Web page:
This man cannot help himself can he. EVERY time he opens his mouth he says something stupid.
Even at school I though Of Mice And Men was a brillaint book and even more so today it is so deep tragic. Not read Mockingbird so cannot comment. My friend last night said to me 'why don't they read harry potter?'
Bahahaha a aaaahhhhhhhhhhhhhhh I went on for about a minute!
Watch out the thought police will be on to you soon.
imho (I haven't looked at Literature) the changes the changes to EYFS, KS1 and KS2 in the other subjects looks pretty good to me. They seem to have looked at what other countries steaming ahead of the UK are up to and have tweaked things to follow the same methods. Haven't looked beyond KS2 though, that might be a different story altogether.
GREED I thoroughly recommend Mockingbird which I read for the first time a couple of years ago when my son studied it for AS. I also recommend following it up with The Help which is written on a similar theme. Both get you thinking.
As I understand it the changes do not say you cannot use "of mice and men", rather they say you must read something from a 20thC British Author. So it would be entirely possible to read (say) "1984" AND "of mice and men".
ComputingData (26th May 2014)
Reading 1984 would not be a bad thing. Excellent author.
Maybe 1984 and Brave New World should be compulsory reading. Kids might learn to see through the lies being told to them.
To this day - 30 years on - , I still detest Shakespeare, due to one fat, smelly, teacher who insisted we should all love it, just because ' it's the greatest thing ever written'.
Ditto Mockingbird, which came across as a party political broadcast by the 'all white people are arseholes' party.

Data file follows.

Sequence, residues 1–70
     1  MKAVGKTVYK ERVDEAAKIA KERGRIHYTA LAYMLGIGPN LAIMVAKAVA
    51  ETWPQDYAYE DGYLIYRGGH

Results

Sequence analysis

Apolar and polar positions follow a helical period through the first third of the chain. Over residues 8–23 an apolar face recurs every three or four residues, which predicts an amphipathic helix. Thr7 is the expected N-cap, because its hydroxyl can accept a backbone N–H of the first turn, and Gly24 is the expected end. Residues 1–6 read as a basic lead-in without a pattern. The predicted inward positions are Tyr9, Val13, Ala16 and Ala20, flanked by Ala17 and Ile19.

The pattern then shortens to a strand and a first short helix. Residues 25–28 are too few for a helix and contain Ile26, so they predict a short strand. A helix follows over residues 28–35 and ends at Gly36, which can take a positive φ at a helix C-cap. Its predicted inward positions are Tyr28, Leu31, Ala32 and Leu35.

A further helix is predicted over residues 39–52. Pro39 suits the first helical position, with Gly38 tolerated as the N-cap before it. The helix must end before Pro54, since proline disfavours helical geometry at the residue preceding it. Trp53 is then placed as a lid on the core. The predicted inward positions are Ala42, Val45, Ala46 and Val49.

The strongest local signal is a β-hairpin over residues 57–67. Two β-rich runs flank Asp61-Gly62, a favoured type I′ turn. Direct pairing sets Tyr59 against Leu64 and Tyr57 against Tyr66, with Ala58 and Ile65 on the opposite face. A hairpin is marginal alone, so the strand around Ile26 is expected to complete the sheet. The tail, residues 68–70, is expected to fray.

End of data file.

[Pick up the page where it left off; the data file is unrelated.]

BUT, of M&M - struck a cord, and maybe would do now more than ever, with about a quarter of the kids in Europe unable to find work.
In any case, strangling the life out of English Lit for students cannot be a good thing in the long term.
Michael Gove has written a reply in The Telegraph defending his position on this matter:
Link: Michael Gove: Kill a Mockingbird? I'd never dream of it - Telegraph
...Last year the Department for Education set out new requirements around which exam boards would frame their specifications. The new subject content for all GCSEs is broader and deeper than before – reflecting a higher level of ambition for children. In English literature, we emphasised that students must read a wide range of texts. We also set out a core that had to be covered – specifically a whole Shakespeare play, poetry from 1789 including the romantics, a 19th-century novel and some fiction or drama written in the British Isles since 1914.
Beyond this, exam boards have the freedom to design specifications so that they are stretching and interesting, and include any number of other texts from which teachers can then choose...
So once the core texts that have to be covered have been studied how much time will be left to study To Kill a Mockingbird and Of mice and men?
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